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Effects of expanding cassava planting and harvesting windows on root yield, starch content and revenue in southwestern Nigeria
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Cassava (Manihot esculenta Crantz) is an important staple crop in Nigeria. It provides approximately 80 % of the caloric intake in Nigeria. High starch content and fresh root yields are important for the commercialization of cassava. Cassava is a perennial crop, and it can be produced all year round. However, cassava fresh root yield and starch content are strongly influenced by environmental conditions such as rainfall. Therefore, it is important to identify planting and harvest periods to attain maximum yields and starch content and to increase profitability. The present study aimed at (i) comparing changes in fresh root yields and starch contents of cassava planted and harvested at different times around the year (ii) identifying the cassava harvest phase attaining maximum fresh root yields and starch content (iii) assessing how price fluctuations and root yields affect the revenue and income generation across the year. This study was carried from 2017 to 2019 in southwestern Nigeria. Existing cassava fields planted at different months were visited and the planting dates were recorded. Harvesting for each planting month was done at 9, 11 and 13 months after planting (MAP). Fresh root yield and starch content varied across planting months. For all crop ages, the highest fresh root yields were recorded when planted in September and December. The highest root starch content was observed in 9- and 13-months old cassava when planted in March and November, respectively. Cassava fresh root yield and starch content varied across Julian day of harvest with lowest yields obtained between Julian day 60–120 (March and April) which coincides with the beginning of rainfall. Highest fresh root yields and starch content were attained between Julian day 180–330. Revenue showed seasonal variation and was dependent Julian day of harvest. Gross revenue was lowest between Julian day 60 and 120 (March and April) and highest from Julian day 180 (July). Lowest incomes or profits were recorded when cassava was harvested between Julian day 60 and 120 (March and April). About 9.1 % of farmers had negative revenues or lost income when they harvested at 9 MAP hence losing between 150 and 200 USD ha−1 compared with 2.8 % of farmers that lost income when harvesting was done at 11 and 13 MAP losing between 100 and 150 USD ha−1. Thus, farmers’ income generation critically depends on cassava planting and harvest dates. Choosing the right time to plant and harvest cassava is one of the most important decisions farmers can make to maximize profit.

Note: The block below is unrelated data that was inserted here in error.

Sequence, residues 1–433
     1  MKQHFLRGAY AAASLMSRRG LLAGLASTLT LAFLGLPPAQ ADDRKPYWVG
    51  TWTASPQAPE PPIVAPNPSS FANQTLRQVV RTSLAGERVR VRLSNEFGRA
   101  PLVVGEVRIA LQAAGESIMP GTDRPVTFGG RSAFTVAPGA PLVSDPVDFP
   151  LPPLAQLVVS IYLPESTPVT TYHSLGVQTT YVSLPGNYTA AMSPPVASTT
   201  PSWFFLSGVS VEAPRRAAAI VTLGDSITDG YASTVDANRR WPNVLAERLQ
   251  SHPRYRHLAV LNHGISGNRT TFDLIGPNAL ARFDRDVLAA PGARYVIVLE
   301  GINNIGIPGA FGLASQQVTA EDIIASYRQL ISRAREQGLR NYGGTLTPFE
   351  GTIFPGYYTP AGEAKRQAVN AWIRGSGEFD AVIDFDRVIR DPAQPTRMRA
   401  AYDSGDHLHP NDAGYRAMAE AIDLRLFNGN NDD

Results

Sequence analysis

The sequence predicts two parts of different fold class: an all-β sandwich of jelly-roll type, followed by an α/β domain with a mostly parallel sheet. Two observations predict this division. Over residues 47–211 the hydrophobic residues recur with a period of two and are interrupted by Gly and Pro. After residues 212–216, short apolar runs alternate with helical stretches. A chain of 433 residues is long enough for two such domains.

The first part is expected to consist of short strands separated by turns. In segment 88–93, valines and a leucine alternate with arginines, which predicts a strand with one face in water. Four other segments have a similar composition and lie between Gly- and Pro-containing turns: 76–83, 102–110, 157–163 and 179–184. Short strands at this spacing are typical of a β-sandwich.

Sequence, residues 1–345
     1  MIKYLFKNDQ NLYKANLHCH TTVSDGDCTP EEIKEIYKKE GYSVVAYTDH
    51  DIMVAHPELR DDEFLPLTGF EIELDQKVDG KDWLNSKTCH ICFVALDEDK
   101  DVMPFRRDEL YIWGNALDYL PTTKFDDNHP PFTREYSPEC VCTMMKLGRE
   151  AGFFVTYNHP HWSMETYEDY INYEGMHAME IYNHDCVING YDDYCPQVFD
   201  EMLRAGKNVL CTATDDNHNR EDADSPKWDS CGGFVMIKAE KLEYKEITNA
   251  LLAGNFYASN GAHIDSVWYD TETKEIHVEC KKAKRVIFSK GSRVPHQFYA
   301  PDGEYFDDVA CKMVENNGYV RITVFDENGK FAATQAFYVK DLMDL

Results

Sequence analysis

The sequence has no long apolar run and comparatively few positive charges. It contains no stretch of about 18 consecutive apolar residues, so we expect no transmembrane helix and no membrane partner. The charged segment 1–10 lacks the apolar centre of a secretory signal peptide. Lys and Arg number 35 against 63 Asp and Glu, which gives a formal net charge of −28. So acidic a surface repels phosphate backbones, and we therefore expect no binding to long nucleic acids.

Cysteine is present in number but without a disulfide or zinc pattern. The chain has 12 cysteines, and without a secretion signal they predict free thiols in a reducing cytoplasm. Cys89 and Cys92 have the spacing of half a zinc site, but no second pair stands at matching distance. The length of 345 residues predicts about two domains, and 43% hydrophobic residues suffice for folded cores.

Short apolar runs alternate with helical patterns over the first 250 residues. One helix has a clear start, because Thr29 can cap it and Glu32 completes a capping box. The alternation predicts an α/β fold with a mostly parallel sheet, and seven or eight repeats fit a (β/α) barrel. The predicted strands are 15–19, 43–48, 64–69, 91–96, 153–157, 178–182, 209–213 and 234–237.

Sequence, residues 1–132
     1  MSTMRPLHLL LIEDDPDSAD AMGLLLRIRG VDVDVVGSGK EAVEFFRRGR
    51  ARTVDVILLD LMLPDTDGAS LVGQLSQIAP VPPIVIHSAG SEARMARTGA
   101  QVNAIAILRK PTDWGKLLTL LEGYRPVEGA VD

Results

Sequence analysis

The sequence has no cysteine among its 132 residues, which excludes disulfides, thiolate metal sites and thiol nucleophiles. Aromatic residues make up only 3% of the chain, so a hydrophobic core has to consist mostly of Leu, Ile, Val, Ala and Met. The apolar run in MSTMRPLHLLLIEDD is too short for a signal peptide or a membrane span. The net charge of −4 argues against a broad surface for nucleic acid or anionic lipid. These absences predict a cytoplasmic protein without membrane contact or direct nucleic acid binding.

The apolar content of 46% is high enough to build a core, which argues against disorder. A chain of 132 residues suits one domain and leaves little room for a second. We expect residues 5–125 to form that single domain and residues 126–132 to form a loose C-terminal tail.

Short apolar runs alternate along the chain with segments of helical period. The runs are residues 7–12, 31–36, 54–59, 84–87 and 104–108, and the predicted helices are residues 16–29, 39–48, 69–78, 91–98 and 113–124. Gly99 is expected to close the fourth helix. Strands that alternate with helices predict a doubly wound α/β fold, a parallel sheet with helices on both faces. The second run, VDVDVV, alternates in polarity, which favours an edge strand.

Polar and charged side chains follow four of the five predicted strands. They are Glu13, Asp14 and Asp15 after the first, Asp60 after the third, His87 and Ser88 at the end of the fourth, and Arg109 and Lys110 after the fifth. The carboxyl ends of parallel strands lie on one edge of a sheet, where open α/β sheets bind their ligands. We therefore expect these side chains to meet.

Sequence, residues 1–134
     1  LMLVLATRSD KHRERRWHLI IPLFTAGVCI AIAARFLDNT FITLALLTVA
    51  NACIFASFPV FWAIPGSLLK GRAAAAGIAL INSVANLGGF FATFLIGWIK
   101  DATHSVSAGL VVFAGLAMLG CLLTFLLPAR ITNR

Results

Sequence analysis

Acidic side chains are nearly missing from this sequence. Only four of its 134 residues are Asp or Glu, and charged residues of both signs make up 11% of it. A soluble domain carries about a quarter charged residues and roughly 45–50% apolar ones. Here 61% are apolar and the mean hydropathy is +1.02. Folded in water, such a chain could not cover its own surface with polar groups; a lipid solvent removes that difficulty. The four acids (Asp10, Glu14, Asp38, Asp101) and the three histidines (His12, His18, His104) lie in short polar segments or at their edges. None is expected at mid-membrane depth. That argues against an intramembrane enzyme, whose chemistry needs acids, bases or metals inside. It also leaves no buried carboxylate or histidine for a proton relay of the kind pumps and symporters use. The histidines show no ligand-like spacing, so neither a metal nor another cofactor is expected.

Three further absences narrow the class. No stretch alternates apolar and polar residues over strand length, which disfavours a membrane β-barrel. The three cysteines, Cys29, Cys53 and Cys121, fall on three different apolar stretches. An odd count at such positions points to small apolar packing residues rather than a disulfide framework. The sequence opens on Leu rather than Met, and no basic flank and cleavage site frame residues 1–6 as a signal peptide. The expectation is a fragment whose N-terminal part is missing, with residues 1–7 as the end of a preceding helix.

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Permanent link to this itemhttps://hdl.handle.net/20.500.12478/7927
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